['my/block', {}, []],
	['my/other-block', {}, []],

Each block sits inside its own array and takes three values:

  1. The block namespace, in single quotes
  2. An object of block attributes that you want to set immediately
  3. An array with more nested blocks
    • This allows you to create nested block templates for blocks you don’t necessarily have code control over, like the core/columns block.

Here’s a real-life example:

const TEMPLATE = [
	['core/heading', { placeholder: 'Recipe Title' }],
	['core/columns', {},[
		['core/column', {}, [
		['core/column', {},[
			['core/paragraph', { placeholder: 'Enter short recipe description...' }],
			['core/paragraph', { placeholder: 'Enter ingredients...' }],
			['core/button', { text: 'Make this Recipe' }],

In that example, the template includes a heading, then a columns block, with two columns. The first column has an image block, and the second has a couple paragraphs, a button, and an attribution section.

Now, we need to add this template to our <InnerBlocks> component. To do this, just add a template property to the component in the edit function:

<InnerBlocks template={TEMPLATE} />

Lock the template

If you want to make sure that the child blocks don’t change, you can lock the template. There are three options for this:

  1. all – Locking the template completely, so that no blocks can be added, removed or reordered
  2. insert – Locking the template partially, so blocks can be reordered, but not added or removed
  3. false – no locking; blocks can be added, removed, and reordered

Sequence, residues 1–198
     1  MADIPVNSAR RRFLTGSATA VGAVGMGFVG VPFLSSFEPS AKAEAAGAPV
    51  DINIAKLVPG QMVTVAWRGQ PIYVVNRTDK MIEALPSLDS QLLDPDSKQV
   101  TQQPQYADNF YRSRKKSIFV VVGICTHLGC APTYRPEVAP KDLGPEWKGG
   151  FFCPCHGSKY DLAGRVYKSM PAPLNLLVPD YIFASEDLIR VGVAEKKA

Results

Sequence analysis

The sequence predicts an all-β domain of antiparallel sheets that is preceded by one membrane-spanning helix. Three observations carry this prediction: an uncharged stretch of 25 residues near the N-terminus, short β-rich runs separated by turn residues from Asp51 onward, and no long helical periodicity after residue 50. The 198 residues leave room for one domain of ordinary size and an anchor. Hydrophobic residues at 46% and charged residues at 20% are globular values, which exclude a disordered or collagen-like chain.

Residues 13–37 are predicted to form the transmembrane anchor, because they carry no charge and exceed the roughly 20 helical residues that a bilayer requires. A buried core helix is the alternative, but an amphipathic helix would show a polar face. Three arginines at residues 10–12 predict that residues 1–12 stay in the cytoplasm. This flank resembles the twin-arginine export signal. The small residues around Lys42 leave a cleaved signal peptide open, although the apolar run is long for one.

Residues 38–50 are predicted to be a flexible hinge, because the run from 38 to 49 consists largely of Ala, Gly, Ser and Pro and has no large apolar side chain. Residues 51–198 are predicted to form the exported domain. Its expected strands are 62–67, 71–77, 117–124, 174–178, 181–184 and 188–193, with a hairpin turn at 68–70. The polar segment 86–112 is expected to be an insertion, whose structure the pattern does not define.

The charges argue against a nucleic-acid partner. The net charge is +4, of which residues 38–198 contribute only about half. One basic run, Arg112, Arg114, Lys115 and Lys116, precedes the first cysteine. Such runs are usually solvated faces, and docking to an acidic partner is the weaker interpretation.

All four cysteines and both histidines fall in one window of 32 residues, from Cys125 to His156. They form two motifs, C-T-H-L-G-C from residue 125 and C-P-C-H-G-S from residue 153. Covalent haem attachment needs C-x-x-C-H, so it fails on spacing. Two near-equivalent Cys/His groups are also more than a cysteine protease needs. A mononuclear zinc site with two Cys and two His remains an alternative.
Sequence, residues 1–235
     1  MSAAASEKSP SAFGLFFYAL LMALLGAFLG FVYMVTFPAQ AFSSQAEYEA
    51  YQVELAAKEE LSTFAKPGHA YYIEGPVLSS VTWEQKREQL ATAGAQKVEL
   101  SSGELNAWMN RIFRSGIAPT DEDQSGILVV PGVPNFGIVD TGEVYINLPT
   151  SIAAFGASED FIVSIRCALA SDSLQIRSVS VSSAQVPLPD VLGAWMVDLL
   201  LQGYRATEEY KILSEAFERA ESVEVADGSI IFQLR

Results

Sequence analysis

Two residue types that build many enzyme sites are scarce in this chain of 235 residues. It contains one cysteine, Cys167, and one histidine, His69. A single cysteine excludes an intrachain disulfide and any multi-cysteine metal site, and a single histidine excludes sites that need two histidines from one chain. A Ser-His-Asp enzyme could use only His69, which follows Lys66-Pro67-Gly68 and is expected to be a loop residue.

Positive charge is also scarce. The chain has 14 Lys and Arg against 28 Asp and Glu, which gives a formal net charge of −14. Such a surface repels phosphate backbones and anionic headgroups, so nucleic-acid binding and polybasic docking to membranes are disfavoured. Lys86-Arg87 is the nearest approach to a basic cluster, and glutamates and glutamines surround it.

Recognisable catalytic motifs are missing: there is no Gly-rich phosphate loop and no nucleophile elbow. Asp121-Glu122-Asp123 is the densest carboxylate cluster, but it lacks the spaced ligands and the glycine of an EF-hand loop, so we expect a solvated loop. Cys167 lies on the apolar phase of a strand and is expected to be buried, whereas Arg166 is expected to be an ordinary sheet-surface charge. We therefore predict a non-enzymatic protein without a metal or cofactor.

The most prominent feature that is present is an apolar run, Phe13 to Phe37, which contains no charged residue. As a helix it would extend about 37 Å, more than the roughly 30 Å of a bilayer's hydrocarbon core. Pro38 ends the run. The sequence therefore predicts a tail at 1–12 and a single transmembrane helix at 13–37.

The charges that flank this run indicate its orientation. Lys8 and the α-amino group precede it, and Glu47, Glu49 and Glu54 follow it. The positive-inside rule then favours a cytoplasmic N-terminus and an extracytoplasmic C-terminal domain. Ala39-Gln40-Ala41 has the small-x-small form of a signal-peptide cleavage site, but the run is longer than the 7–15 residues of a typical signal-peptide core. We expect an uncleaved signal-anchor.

Again, this is a property for the <InnerBlocks> component in the editor.


Now, my block has a template set that defines the layout, automatically adds all the necessary child blocks, and prevents the child blocks from being reordered, added, or removed.

Neato! Last thing…

Set the parent for strictly child blocks

If a block you’ve made is meant to be used only inside one type of other block, then you can set the parent for that block.

An example is the column block. The core/column block can only be added inside a core/columns block. You can’t add a column randomly to the page – it has to be inside a columns block.

To do this, you’ll set the parent on the child block. You’ll do this where you set the block title, description, category, etc. Add another block property called parent set it to an array containing the block parent name(s).

For example:

title: 'Listicle Item',
description: 'An item for the Listicle block.',
category: 'formatting',
icon: 'shield',
keywords: ['List item'],
parent: ['pinchofyum/listicle'],

Now, this block will only show up as an option when I’m adding a nested block to the parent block (pinchofyum/listicle, in this case).

Nested blocks are cool!

One reason I love the idea of nested blocks is because it allows us to reuse blocks that already exist for new applications. This prevents us from having to rewrite code that’s already been written – we’re keeping DRY here. 

Nested blocks have a ways to go with functionality – or maybe I just haven’t discovered it. Such as – how can I use the InnerBlocks.Content to write structured data to the front end? Can I get access to that content from the main block? If you know how to do this, let me know in the comments. Otherwise, I’ll be working on figuring it out over the next couple of weeks.

Now go build some nested blocks in Gutenberg!

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3 Replies to “How to Create Nested Blocks for Gutenberg”

  1. Muhammad Zohaib says:

    Very helpfull. Thanks